I felt like I was an observer into the Casey family for a few months – and felt quite sad at the end that I wouldn’t carry on knowing what they were up to – as if I was losing touch with friends.  Given there are so many characters – I wonder if a spin off or follow up would be in order??

Overall this is a definite recommendation when it comes out later this month – pre order it now, you know you want to!!

Thanks NetGalley and the publishers for my ARC – I am always so excited and grateful to be chosen!

 

 

 

 

 

A nice cup of tea

I’ve realised my non book related blogging has been a bit sparse recently – and this was supposed to also be a record of things that have happened to remember in the future – so I’m going to put that right!

Last weekend my Dad ended up in hospital on the Portuguese island of Madeira (famous for the cake, wine and Cristiano Ronaldo).  Thankfully Dad is ok and safely home in the UK now – but this tale of his time incapacitated has produced an amusing anecdote that needs to be recorded for posterity.

Dad was asked if he wanted a cup of tea, to which he replied ‘yes please’.
They asked if he wanted sugar, he said ‘no, just a little milk’.
He was subsequently presented with a cup containing just a bit of warm milk! 

Cup of tea

I shouldn’t mock – my Portuguese only extends to hello / goodbye / please / thank you – and chicken – so I’m impressed that the lovely support staff could ask him what he wanted, and it just goes to show how phrases that are normal conversation to us sound weird to other nationalities!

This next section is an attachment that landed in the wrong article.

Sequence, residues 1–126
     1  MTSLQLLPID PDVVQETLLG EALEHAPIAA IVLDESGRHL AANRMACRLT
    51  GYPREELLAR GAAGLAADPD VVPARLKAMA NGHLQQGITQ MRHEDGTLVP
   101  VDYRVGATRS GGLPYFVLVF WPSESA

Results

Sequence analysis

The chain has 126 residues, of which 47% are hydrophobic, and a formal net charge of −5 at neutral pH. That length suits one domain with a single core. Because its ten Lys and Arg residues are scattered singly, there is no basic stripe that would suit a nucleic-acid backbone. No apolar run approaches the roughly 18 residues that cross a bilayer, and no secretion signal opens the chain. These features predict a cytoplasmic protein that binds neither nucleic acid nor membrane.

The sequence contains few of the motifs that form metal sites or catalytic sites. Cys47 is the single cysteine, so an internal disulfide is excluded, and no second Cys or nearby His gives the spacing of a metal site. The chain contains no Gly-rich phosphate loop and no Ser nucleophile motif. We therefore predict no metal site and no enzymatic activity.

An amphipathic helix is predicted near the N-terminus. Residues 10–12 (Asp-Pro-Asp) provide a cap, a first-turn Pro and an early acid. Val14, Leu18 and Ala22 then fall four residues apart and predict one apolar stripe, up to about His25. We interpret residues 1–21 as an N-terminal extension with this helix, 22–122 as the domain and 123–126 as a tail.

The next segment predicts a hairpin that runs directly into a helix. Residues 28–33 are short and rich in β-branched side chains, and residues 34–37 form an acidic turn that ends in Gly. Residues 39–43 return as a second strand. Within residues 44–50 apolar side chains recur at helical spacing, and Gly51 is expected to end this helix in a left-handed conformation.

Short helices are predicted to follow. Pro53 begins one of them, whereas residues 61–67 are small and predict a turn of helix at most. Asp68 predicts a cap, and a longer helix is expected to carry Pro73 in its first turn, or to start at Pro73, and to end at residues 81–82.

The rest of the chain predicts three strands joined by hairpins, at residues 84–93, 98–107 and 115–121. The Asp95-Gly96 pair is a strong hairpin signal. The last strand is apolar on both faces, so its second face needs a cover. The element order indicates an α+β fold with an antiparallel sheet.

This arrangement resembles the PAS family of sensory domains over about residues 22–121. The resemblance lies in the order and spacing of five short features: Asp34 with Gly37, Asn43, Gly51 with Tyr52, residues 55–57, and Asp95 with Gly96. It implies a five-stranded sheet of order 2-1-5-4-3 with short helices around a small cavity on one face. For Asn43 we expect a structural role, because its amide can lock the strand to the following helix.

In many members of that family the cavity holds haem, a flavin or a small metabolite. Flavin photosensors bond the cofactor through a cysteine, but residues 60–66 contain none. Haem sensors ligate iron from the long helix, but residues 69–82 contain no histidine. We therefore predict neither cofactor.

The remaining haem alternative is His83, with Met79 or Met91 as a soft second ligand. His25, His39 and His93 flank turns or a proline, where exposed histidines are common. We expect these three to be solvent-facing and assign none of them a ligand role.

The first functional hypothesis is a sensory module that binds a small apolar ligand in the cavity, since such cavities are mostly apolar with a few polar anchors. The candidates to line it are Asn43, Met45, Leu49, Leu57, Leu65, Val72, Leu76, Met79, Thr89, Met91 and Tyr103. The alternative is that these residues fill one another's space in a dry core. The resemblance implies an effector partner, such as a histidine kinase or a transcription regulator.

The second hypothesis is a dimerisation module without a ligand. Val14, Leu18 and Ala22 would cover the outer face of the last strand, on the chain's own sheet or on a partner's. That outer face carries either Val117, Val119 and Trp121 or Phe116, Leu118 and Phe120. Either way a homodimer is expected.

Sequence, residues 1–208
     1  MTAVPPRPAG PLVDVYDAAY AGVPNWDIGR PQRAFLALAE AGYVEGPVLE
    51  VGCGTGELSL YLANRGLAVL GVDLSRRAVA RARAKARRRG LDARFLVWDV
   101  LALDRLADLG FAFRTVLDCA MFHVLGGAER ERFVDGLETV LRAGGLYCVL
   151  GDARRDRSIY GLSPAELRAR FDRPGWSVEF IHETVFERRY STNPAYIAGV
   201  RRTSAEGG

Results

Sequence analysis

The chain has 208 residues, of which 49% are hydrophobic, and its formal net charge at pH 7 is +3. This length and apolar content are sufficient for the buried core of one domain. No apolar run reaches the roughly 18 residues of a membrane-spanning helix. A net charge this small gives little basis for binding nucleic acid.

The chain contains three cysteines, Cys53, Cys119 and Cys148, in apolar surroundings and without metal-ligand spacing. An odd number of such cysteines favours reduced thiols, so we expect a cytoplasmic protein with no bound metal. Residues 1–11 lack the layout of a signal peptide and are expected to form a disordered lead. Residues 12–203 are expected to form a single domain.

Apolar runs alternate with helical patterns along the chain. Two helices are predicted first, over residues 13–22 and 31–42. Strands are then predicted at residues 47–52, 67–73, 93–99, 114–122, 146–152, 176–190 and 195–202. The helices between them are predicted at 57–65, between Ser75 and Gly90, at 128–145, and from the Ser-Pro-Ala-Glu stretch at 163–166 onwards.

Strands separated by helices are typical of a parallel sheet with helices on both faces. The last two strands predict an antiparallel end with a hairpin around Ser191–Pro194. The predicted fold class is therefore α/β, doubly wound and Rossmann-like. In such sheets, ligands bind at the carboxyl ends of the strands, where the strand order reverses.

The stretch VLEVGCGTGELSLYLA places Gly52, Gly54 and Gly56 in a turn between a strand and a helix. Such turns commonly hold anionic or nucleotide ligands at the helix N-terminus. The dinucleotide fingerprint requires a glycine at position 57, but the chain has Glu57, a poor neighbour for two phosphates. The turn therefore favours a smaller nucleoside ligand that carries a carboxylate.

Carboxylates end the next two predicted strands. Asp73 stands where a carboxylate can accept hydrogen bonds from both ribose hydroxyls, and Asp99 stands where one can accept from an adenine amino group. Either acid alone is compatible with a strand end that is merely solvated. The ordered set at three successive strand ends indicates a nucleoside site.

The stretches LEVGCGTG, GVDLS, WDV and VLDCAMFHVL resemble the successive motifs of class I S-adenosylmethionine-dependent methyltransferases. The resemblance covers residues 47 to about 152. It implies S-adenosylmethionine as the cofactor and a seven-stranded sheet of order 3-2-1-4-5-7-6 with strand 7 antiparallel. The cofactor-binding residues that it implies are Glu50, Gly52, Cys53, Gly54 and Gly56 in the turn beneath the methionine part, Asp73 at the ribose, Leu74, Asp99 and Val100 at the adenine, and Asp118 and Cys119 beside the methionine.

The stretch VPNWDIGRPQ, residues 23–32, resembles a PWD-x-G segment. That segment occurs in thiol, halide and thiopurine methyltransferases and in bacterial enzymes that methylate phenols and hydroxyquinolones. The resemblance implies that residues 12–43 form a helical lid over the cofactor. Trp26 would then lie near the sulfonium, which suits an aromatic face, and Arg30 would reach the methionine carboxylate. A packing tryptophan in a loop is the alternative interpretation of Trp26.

Book Review: In Five Years by Rebecca Serle

In 5 Years

I’d seen this book on a list of ‘books that will be big in 2020’ – or words to that effect – so asked NetGalley for an advance review copy, and my wish was granted.  Here’s the blurb:

“Perfect for fans of Me Before You and One Day, this heart-breaking story of love, loss and life will have you questioning everything you thought you knew about destiny…
Where do you see yourself in five years?
Type-A Manhattan lawyer Dannie Kohan has been in possession of her meticulously crafted answer since she understood the question. On the day that she nails the most important job interview of her career and gets engaged to the perfect man, she’s well on her way to fulfilling her life goals.
That night Dannie falls asleep only to wake up in a different apartment with a different ring on her finger, and in the company of a very different man. The TV is on in the background, and she can just make out the date. It’s the same night – December 15th – but 2025, five years in the future.
It was just a dream, she tells herself when she wakes, but it felt so real… Determined to ignore the odd experience, she files it away in the back of her mind.
That is, until four and a half years later, when Dannie turns down a street and there, standing on the corner, is the man from her dream…
In Five Years is a love story, brimming with joy and heartbreak. But it is definitely not the love story you’re expecting.”

I LOVED this book.  It twists and turns and is really emotional – but not in a typical ‘love story’ way.  It is a love story – but with many different types of love.  I don’t want to say too much or give too much away, as you really need to be lead by the book.  I devoured it in just a few days, as I was desperate to know what happens.

Right the way through you’re on a timeline to see if the events of December 15th 2025 were just a weird dream or actually happened – so you kind of know what you’re aiming for! And that just succeeds in building the tension significantly – SURELY it can’t be true??